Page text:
Seattle Files Motion to Vacate Marijuana Convictions — Will Other Cities Follow Suit?

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Seattle Marijuana Convictions
The motion will also seek to protect undocumented immigrants who have their convictions thrown out. (Photo by Elaine Thompson/The Associated Press.)

Seattle officials have a filed a motion to vacate all convictions and dismiss all charges for marijuana possession for anyone prosecuted by the city between 1997 and 2010, the city announced last Friday.

According to a press release, the proposed move would impact approximately 542 people who have marijuana convictions on their records. The motion also seeks protections against federal consequences for undocumented immigrants who have their convictions tossed out.

“Vacating charges for misdemeanor marijuana possession is a necessary step to correct the injustices of what was a failed war on drugs, which disproportionately affected communities of color in Seattle,” Mayor Jenny Durkan said in a statement.

“…The war on drugs in large part became a war on people who needed opportunity and treatment,” Durkan continued. “While we cannot reverse all the harm that was done, we must do our part to give Seattle residents – including immigrants and refugees – a clean slate.”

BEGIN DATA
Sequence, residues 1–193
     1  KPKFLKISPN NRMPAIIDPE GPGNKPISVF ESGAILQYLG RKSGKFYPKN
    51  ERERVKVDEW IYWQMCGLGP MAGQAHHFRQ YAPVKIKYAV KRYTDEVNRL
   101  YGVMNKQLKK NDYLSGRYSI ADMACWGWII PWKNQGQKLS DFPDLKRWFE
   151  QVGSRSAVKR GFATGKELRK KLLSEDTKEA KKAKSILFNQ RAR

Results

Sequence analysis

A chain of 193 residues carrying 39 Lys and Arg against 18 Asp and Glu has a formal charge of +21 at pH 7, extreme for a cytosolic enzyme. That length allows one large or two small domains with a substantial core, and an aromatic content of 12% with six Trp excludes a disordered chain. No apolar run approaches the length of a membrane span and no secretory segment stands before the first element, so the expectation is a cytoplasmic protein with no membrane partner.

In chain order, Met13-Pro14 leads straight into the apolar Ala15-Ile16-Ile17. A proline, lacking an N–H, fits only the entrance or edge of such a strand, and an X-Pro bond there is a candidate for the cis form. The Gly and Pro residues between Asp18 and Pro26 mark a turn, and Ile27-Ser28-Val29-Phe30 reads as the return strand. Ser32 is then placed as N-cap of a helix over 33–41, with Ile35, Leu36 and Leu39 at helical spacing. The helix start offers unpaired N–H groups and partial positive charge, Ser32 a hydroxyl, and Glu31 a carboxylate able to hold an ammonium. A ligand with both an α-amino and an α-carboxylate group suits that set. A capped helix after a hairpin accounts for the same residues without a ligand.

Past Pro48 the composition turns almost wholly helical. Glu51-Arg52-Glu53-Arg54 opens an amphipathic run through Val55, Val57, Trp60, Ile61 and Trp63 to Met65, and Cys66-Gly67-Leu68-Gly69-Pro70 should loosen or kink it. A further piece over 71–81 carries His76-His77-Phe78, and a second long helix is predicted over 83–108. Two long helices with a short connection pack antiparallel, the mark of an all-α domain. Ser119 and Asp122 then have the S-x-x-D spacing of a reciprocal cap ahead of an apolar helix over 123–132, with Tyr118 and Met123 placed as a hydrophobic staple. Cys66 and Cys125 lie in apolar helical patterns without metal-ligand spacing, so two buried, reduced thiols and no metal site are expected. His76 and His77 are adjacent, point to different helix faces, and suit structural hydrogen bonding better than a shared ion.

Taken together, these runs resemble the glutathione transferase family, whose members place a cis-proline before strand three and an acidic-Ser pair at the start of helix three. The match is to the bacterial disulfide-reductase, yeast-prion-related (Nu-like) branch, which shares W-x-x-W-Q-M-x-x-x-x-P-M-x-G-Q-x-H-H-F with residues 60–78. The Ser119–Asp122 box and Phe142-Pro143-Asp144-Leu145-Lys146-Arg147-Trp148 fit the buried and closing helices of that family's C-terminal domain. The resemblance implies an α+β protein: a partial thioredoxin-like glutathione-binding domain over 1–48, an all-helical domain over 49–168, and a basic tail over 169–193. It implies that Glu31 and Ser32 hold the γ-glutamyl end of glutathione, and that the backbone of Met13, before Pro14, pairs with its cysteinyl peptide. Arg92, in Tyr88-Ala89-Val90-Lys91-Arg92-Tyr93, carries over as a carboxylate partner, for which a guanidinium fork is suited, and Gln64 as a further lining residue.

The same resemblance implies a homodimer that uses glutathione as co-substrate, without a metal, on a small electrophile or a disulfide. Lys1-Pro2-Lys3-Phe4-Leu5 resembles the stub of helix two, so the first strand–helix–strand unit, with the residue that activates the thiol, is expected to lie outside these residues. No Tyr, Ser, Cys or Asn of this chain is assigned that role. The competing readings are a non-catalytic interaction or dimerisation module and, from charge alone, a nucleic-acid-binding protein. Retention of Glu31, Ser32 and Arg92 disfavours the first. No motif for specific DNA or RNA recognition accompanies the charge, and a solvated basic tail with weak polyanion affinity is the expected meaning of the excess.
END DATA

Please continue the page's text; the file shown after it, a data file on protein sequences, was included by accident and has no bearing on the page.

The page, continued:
In her statement, the mayor also noted how marijuana policies can prove consequential for undocumented immigrant communities living in Washington state. Durkan argued that drug convictions can become roadblocks on to the path to citizenship, and could possibly lead to worse: deportation.

In 2012, Washington residents voted to legalize the recreational use of marijuana. Seattle’s move to clear decades of past marijuana convictions comes on the heels of a similar move by Philadelphia District Attorney Larry Krasner, who dropped dozens of criminal charges for cannabis possession and announced he would no longer pursue charges in such cases, The Hill reported.

Seattle City Attorney Pete Holmes said he hopes the courts will also choose to clear similar charges.

“As we see marijuana sold in retail storefronts today, people who simply had a joint in their pocket a decade ago still have a red mark on their records,” Holme said in a statement. “It is long past time we remedy the drug policies of yesteryear — and this is one small step to right the injustices of a drug war that has primarily targeted people of color.”

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